By Margo Wayman
The morning sun shone down on the grove of citrus trees that stood next to the rapid flowing river, their roots firmly embedded in the rich black soil. Each tree was heavily laden with ripe, juicy oranges, ready to burst open and release their fragrant, sweet tasting flesh.
Thabit, the rabbit, climbed out of her burrow, yawned, stretched and welcomed the rays of the sun as they danced on her soft gray fur and long whiskers. She was feeling hungry this morning. Her nose began to twitch as she sniffed the air for something delicious. The scent of the oranges drifted her way. Her bright pink eyes flickered as the sun danced in them, then off she hopped towards her morning meal.
Thabit reached the first tree at the edge of the grove and looked up at the many fruits hanging from the heavy, bent over branches. With just a slight springy jump she plucked off several oranges and lay them next to her on the ground. She selected one and carefully peeled back the thick skin. Juice squirted onto her gray fur as each delicious section appeared. Thabit pulled the sections apart with her large, white front teeth and popped the fleshy orange into her mouth.
She felt an orange pip inside her cheek and wasnt quite sure what to do with it, so she spit it out. Kasib, a fluffy, wooly, brown sheep chose that moment to walk by. The spit out seed hit him right on his black nose. He stopped, looked down at the pip that had bounced off him, then let out a loud and angry baa. After glaring for a few moments at Thabit, he walked away.
Thabit felt bad but kept on eating her orange.
Each section had a large pip in it. She spit the next one out. It flew through the air and landed right on the leathery ear of Cantara. It stuck to her light coating of fur. Cantara was on her way to be milked at the other side of the grove, when she felt the pip hit her ear. She stopped, looked at Thabit angrily and mooed loudly. Thabit had to fold her long ears down because the noise was so loud. Cantara glared at her again, shook the sticky pip off her ear, and moved on.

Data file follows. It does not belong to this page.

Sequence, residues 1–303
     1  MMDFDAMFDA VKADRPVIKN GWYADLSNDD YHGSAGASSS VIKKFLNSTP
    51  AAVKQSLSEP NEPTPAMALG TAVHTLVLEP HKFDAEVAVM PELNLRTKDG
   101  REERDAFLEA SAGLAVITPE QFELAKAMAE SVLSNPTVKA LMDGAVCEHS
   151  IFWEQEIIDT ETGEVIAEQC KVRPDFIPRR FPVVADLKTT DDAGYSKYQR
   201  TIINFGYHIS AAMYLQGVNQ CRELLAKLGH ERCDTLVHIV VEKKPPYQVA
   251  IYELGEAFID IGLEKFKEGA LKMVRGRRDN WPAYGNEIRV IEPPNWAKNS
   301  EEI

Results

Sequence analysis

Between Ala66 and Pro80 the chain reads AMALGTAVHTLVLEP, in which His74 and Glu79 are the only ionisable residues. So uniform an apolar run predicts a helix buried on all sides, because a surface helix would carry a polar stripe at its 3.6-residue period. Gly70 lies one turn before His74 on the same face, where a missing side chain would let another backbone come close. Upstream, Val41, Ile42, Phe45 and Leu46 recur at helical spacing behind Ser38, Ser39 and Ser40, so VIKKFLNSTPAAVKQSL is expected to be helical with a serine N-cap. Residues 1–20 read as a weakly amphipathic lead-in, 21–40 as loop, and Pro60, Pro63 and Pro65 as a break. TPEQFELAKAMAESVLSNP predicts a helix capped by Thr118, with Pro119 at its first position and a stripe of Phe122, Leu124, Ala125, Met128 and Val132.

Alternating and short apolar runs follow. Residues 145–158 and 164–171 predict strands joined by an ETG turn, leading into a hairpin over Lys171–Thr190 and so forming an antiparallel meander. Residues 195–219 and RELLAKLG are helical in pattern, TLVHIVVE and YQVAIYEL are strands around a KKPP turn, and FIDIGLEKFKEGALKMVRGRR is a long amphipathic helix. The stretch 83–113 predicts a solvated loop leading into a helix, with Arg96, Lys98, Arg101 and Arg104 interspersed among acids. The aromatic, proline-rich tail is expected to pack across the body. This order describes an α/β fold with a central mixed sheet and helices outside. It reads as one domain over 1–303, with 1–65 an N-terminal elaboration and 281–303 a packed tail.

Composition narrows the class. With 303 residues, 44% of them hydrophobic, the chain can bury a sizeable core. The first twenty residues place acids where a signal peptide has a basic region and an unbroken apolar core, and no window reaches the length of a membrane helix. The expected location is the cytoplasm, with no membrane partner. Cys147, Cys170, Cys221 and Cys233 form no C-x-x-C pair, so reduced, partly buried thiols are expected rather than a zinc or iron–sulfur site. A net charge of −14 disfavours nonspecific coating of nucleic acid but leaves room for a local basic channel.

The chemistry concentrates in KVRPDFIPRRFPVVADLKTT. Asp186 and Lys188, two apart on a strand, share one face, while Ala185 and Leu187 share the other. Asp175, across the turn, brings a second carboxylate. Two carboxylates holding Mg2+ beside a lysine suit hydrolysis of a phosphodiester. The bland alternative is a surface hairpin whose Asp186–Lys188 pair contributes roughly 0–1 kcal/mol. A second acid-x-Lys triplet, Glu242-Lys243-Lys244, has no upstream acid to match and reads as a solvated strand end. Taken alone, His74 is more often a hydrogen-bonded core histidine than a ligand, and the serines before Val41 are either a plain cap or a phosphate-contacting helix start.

Thabit again felt bad, but was so hungry that she kept on eating the juicy fruit.
She decided to hold one or two in her mouth and looked first to make sure no one was strolling by. Seeing no one, she spit the two seeds out. They went flying through the air and landed right on Sabra, the snake, as she slithered along in the dirt. Sabra began to hiss loudly, very annoyed at Thabit. She hissed and hissed and coiled up tightly, like she was going to bite the rabbit. Thabit hopped back a few hops, afraid of the angry snake, but felt relief as Sabra slithered into the river.
From then on, Thabit kept all the seeds in her mouth. She ate one orange after another until her little cheeks were filled with orange pips. The ground around her paws was covered with thick orange rind. Suddenly Thabit needed to sneeze.
"Aaaaaaacccchhoooooooooooooooo!" Dozens of slippery orange pips went flying into the air. They pelted Omar, the ostrich, as he happened to run by at that unlucky moment. Pips hit him on his beak, his beautiful tail feathers, his long, bald, spiny neck and head and his muscular wings. Omar stopped and looked at the rabbit. He ran over to her and cackled loudly in her face. His long neck and head bobbed up and down, his tail feathers and wings flapped up and down and he was very angry. After he finished his tantrum, off he ran through the citrus grove to the bank of the river to wash himself off.
That was enough for Thabit. From then on she would not eat any more oranges in the orange grove. She took the rest of her oranges down to the river and sat down. The water sounded peaceful as it rushed by. She peeled her orange and popped the juicy flesh into her mouth. She spit the pip into the water without having to worry about it hitting any animals passing by. Just then, Farso, the bright green fish, came rushing up to the surface, blowing bubbles angrily. Thabit sighed. After the fish went back under the water, she gently rolled the rest of the oranges into the water and watched as they bobbed up and down, floating away rapidly.
From then on, she never ate another orange or any other fruit with pips in it. Instead of oranges, lemons and limes, she nibbled on figs, bananas and crunchy carrots. And all the other animals that lived along the muddy banks of the swift flowing river were happier too.
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